Sunday, Jan. 6, 2019 | 2 a.m.
This week, the world’s most influential technology companies will gather in Las Vegas to showcase the next generation of innovative products and consumer technologies that will change the way we live, work, sleep, communicate, entertain and more. Every year at CES, for more than 50 years, the Consumer Technology Association has celebrated the world’s pioneering business leaders, engineers, inventors and thinkers — people I call “ninja innovators.”
When my sons were younger, we signed up for taekwondo as a family. Over many years, we honed our discipline and self-confidence, and learned a way of thinking that relied on strategy, surprise and adaptability. I realized that “thinking like a ninja” was not just something I needed to learn in class; I could use these skills in my professional life, too.
Ninja innovators do the unexpected. They take risks, think outside the box and set goals that seem insurmountable. Before Neil Armstrong walked on the moon, such a feat was considered impossible — until someone decided it wasn’t. Before Steve Jobs or Bill Gates, a mainstream, accessible personal computer in your home wasn’t even thought of. And Amazon’s Jeff Bezos transformed an online bookstore into a multibillion-dollar global corporation that has revolutionized the retail, video, grocery and shipping industries.
Not all ninja innovators are household names — yet. After a college professor tasked her with creating something that helps people in developing countries, Jessica Matthews co-created SOCCKET, a soccer ball that uses kinetic energy to power lights and charge devices. Later, she turned that ninja spark into Uncharted Power, a renewable energy company that has earned investments now backed by Disney.
Every day, ninja innovators are breaking barriers by developing creative solutions to problems in medicine, science, business, government, education, the arts and communication. Many of these innovators are using technology in unexpected ways to achieve these solutions. As the head of CTA, I see ninja innovators challenging the status quo every day. And this year at CES 2019, the biggest technology event in the world, I will have the privilege of seeing over 4,500 of them from more than 155 countries.
Up-and-coming ninjas get their start at Eureka Park, the buzzworthy startup arena that provides a unique opportunity to launch a new product, service or idea. More than 1,200 startups will use CES as a platform to showcase their products this year, making it the largest startup event on the planet. Since 2012, startups featured at CES have received more than $1.5 billion in funding. And many startups — including PicoBrew, a homebrewing system for beginners and professionals alike; Igloohome, a smart lockbox for short-term rentals; and FoldiMate, a machine that takes the work out of folding clothes — have graduated from Eureka Park and now exhibit on the larger show floor.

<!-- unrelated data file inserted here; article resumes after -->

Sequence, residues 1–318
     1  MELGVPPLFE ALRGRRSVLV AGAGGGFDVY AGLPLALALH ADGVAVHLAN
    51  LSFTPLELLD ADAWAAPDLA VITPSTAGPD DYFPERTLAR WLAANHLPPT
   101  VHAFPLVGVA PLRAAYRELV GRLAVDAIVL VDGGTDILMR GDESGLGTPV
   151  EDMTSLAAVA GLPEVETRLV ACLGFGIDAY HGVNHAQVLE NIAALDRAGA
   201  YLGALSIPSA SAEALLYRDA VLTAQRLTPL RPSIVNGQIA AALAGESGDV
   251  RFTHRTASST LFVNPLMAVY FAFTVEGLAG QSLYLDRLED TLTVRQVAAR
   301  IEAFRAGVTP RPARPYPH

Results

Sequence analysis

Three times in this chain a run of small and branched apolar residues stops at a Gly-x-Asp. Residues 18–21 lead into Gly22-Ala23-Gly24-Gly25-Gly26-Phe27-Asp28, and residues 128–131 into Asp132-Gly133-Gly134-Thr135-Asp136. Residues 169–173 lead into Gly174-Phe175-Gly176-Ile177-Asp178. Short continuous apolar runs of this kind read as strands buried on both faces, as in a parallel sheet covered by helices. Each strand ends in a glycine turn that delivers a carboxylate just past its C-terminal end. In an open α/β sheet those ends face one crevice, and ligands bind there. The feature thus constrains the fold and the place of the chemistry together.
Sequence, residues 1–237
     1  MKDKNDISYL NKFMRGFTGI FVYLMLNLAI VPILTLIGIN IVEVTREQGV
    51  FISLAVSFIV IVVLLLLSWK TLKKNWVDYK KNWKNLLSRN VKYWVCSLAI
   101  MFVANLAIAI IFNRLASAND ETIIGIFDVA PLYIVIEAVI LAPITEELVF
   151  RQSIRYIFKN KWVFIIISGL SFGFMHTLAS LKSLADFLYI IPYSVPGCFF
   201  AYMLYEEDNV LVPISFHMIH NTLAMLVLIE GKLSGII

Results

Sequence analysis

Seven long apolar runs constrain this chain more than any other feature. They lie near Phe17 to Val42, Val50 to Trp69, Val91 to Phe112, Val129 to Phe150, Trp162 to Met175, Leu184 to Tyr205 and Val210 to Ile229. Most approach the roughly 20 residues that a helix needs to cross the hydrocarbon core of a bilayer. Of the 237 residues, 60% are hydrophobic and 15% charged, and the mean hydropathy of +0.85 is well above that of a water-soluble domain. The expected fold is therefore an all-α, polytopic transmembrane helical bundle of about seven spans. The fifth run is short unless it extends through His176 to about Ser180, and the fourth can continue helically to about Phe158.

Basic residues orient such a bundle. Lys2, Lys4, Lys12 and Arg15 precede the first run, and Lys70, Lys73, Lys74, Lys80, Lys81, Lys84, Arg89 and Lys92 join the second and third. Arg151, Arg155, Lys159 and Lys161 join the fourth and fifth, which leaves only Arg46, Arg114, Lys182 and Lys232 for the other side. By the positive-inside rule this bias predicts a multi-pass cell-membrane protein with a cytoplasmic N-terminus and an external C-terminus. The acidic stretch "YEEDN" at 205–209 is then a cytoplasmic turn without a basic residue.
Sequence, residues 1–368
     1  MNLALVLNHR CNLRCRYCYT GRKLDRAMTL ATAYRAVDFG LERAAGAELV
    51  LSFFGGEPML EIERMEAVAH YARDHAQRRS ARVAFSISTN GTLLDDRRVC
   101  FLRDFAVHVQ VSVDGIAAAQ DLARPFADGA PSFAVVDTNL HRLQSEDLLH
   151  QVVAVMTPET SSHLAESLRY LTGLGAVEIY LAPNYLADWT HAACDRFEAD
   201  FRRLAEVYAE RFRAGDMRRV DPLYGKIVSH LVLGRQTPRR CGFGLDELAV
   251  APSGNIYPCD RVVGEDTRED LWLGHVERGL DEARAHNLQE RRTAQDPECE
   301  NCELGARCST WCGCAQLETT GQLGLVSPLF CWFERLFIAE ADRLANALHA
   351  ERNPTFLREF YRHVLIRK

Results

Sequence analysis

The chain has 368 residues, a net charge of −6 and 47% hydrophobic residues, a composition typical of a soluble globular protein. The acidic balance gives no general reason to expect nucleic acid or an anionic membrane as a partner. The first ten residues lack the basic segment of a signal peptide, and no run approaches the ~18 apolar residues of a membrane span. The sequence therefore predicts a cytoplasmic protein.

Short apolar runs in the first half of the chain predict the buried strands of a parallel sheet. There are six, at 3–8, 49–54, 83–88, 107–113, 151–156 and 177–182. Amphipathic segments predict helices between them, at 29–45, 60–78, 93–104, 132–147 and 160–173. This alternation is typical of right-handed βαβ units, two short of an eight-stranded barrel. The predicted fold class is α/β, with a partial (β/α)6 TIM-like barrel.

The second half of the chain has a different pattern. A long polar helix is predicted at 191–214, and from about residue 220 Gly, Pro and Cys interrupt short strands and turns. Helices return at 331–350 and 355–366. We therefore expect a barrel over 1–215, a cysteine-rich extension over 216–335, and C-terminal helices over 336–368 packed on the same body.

Ninja storytellers, creators and marketers come together at C Space, an immersive experience featuring conferences, keynotes and exhibits from companies such as Google, Hulu, NBCUniversal, NeuLion, Nielsen, Pandora, Univision, WWE and more. It’s an area of the show that highlights trends that are changing the future of marketing and entertainment. We will see sports innovators who have developed products that are affecting athletic performance and fan engagement in unexpected ways, and smart city innovators who are designing ways to improve sustainability, mobility and livability for people around the globe.
Ninja technologies that keep our world safe, warm, powered, fed and secure is a key theme for CES 2019. Building resilience into our networks and spaces — from smart grids to nimble business operations to cities — is top of mind for business and government leaders around the world. And CES will bring together an international audience to exchange ideas, participate in discussion and innovate the new technologies of the future.
CES participants will hear from established ninja innovators from LG, IBM, AMD and Verizon, whose research and development teams are pioneering advances in artificial intelligence, quantum technology, virtual reality and real-life applications of 5G.
These fields are the future of the technology industry, so much so that Virginia Tech recently announced its plan to open an Innovation Campus in Alexandria, Va. — two miles from Amazon’s new location in Arlington — focusing on computer science, computer engineering and software engineering. This announcement in a metropolitan area already recognized as a top producer of highly skilled talent shows that the need for more tech graduates will only continue to increase across the country.
The future can be daunting, and every day we face new threats — from disease and political conflicts to natural disasters and social upheaval. Successfully navigating these complexities will require all citizens and companies to become ninja innovators.
The future is ripe for disruption, and disruption creates progress. Those who are resilient and forward-thinking, who never settle, who use obstacles to fuel their own growth — these are the ninja innovators, and the future belongs to them.
Gary Shapiro is president and CEO of the Consumer Technology Association, the U.S. trade association representing more than 2,200 consumer technology companies, and a New York Times best-selling author. His newest book, “Ninja Future: Secrets to Success in the New World of Innovation,” was released Dec. 31.